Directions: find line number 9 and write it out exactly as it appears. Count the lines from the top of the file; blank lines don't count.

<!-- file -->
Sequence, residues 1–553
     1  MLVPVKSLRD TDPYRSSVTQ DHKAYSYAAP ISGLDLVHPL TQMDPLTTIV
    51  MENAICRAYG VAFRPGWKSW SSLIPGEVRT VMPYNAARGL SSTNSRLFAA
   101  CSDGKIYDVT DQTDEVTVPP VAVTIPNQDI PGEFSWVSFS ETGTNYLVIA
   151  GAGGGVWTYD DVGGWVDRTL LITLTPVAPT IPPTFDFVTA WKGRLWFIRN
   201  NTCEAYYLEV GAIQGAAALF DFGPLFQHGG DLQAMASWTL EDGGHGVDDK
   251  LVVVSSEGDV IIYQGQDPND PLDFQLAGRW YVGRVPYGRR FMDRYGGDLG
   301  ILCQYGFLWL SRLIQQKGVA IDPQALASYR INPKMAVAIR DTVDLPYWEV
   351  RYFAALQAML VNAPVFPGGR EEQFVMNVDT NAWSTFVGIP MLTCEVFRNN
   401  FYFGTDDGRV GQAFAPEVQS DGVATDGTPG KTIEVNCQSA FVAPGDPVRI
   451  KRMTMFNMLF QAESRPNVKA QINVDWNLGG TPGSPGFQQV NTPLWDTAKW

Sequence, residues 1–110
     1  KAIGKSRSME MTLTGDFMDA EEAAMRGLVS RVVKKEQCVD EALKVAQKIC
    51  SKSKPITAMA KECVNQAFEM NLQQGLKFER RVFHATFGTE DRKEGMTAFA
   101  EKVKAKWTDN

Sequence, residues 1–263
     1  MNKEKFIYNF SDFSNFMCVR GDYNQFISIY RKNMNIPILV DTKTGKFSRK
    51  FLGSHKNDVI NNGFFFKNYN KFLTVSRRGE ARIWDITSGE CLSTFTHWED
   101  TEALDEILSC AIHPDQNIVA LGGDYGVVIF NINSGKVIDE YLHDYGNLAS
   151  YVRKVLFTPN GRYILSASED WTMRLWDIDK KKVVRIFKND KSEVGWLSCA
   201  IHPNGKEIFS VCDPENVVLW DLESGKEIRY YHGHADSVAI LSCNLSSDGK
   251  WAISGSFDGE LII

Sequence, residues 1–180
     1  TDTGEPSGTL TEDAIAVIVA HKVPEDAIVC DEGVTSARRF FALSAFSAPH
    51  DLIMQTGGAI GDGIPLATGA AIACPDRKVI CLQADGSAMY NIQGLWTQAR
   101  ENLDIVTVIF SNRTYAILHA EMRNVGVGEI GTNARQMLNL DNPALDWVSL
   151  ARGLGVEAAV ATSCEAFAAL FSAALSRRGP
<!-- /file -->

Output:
   351  RYFAALQAML VNAPVFPGGR EEQFVMNVDT NAWSTFVGIP MLTCEVFRNN